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Beauty and the Beast a magical presentation
Beauty and the Beast a magical presentation
by Miryam Gordon - SGN A&E Writer

Beauty and the Beast
The Village Theater
Issaquah through January 4
Everett, January 4-February 1


Disney's movie Beauty and the Beast was a sensation when it was released because of the clarity and depth of the cartooning techniques. We take it all for granted now, but it was a breakthrough movie at the time. Also, the songs were catchy, fun and easy to remember. The stage version, now playing at The Village Theater, has all the famous songs and characters. It's one of the most "movie-like" adaptations you can see.

Heading up a superb cast is Jennifer Paz as Belle. Paz's voice is sure and steady, hitting all the high notes and conveying every emotion. Paz is adroit in the comedy sections and fetchingly appealing when there is danger threatening. Complementing Paz as the Beast is Eric Polani Jensen. He benefits from his imposing frame and his powerful voice in frightening those around him, but also believably softens as he falls in love with Belle.

In case you had your head under a rock or shunned anything kids liked back then, the story is about a man who treats a witch badly and she curses him with the form of a beast until he is loved for what he is underneath. A lost man finds his castle in the woods and the Beast captures him, and when the man's daughter comes to free him, she offers to take her father's place. Belle has enough spunk to stand up to the Beast and demand to be treated nicely. Over time, of course, they fall in love, though there are a few complications before the wholly expected happy ending.

In Disney's rendition, the servants of the Beast follow him into this curse and are very slowly changing into inanimate objects that are similar to their personalities. The stuffy butler (John X. Deveney) is turning into a grandfather clock, the butler (Nick DeSantis, stealing the show with kitschy antics) is becoming a candlestick and the cook (Bobbi Kotula) is becoming a teapot. They must help the Beast fall in love or forever change their shapes and lose their humanity.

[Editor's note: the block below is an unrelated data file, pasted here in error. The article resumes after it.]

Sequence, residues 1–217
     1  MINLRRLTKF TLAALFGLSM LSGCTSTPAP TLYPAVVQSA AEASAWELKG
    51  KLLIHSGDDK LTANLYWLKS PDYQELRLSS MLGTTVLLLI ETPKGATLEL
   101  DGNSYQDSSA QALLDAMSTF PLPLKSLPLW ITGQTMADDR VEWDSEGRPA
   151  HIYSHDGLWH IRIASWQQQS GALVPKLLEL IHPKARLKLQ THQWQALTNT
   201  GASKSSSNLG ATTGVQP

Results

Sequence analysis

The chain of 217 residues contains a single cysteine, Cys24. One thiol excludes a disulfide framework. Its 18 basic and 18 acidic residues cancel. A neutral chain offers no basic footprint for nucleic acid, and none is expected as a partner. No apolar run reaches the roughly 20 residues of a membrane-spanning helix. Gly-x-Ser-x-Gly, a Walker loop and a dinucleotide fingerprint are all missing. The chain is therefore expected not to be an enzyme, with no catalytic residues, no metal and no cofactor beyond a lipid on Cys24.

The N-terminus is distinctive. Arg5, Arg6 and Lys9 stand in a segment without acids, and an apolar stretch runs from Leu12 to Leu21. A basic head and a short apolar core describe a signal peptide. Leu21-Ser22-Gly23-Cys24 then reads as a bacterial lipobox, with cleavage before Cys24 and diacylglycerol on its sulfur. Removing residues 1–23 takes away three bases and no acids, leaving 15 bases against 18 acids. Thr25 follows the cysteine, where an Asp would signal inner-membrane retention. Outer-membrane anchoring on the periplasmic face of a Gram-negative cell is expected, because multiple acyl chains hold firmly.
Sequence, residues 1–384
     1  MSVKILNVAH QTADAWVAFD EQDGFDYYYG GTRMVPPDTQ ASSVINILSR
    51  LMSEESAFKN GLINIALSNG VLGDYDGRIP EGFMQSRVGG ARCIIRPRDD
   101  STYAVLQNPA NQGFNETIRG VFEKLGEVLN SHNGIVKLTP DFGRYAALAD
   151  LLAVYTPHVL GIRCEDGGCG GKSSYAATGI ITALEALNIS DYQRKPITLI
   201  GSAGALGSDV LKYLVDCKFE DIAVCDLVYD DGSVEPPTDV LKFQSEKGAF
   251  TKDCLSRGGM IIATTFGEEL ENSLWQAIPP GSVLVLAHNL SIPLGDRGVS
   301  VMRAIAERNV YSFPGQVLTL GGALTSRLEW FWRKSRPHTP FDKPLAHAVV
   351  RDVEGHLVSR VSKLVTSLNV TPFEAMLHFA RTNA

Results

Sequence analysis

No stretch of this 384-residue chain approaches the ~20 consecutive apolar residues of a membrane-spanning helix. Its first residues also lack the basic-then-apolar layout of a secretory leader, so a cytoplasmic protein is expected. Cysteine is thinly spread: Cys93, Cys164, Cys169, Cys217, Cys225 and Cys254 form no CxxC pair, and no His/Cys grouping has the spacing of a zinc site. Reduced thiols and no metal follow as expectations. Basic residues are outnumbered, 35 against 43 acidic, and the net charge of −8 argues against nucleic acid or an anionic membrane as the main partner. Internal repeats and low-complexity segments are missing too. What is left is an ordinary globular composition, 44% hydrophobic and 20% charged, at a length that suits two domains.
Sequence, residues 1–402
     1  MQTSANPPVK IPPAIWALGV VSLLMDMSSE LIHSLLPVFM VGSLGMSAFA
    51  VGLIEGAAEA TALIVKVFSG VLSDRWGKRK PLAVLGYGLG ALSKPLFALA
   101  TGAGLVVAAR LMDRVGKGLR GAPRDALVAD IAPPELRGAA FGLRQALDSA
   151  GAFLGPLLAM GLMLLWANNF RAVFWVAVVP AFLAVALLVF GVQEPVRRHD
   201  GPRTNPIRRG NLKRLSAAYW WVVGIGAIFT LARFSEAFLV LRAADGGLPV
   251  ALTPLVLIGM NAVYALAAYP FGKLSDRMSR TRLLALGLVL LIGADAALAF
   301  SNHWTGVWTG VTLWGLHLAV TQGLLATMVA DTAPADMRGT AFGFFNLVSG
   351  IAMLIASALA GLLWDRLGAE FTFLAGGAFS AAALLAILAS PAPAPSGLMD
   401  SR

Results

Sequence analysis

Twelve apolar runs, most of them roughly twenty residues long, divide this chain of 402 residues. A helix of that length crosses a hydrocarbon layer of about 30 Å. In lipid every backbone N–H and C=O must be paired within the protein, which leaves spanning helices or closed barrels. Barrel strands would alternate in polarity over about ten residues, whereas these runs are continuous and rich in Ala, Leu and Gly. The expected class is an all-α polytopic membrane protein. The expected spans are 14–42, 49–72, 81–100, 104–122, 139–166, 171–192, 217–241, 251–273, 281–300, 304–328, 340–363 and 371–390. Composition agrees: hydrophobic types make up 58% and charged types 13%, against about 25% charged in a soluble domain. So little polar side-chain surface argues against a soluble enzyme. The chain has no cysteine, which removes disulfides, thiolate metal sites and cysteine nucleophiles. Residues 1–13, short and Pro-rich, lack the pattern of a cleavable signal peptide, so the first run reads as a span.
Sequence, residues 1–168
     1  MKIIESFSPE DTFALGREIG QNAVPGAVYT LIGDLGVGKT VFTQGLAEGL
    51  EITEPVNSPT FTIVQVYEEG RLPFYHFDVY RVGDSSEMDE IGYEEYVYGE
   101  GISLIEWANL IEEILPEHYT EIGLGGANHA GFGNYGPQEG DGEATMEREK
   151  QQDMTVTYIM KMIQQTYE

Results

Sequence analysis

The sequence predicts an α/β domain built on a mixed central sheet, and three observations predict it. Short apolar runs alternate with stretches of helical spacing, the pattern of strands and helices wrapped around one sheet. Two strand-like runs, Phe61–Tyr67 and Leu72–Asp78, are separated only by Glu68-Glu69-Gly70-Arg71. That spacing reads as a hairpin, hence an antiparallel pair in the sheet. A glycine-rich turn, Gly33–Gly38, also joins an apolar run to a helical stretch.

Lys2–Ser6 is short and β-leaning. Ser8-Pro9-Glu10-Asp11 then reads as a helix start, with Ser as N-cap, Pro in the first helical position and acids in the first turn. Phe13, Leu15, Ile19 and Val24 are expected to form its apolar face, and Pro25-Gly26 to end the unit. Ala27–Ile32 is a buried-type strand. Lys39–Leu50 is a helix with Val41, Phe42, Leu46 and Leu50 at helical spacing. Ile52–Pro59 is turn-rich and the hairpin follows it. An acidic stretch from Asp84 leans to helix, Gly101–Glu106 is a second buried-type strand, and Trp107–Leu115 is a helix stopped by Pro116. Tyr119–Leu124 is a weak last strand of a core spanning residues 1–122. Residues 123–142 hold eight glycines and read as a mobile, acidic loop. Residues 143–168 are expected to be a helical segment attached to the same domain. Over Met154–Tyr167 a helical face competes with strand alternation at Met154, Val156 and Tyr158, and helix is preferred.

The rest of the cast is uniformly good. The entire presentation might be translated onto a Broadway stage with no loss of audience appeal. The complicated sets and lighting by Alex Berry, beautiful costumes by Deane Middleton, orchestral accompaniment directed by Tim Symons and intricate choreography by Steve Tomkins with an assist from Daniel Cruz, are held together by Tomkins' confident direction. If there could be a flaw in the program, it's Tomkins' adherence to every note and word in the script. It's a long program.

All the kids' favorite songs are there, including a show-stopping "Be Our Guest," when the entire household of plates, salt and pepper shakers and silverware dance together. Another frantic, but carefully planned, scene occurs when villagers attack the castle and these servants inventively defend the castle.

The villagers are incited by a jealous Gaston, played with a sly wink by Troy L. Wageman, when Gaston is rejected as a suitor by Belle. One of the funniest scenes is a duet between Paz and Wageman, as he offers to marry her and picks her up and throws her around like a rag doll, since their sizes are so significantly different. It's great choreography, maybe not as possible with a different set of actors more physically similar in size. The deadpan expression on Paz's face as she is dragged around is priceless.

There are a couple of draggy moments, including when the Beast is despondent over letting Belle go, and maybe a couple of songs don't have to be quite so long. But, after waiting for it, the climax where all the servants become human again is so affecting the audience applauded for each character as he or she reveled in being back to normal.

It's definitely family fare, but there's quite enough to captivate and interest adults to help you hang in there. The romance and the message are a nice antidote to the messy outside world.

For more information, go to www.villagetheatre.org or call (425) 392-2202.

Comments on reviews go to sgncritic@gmail.com.

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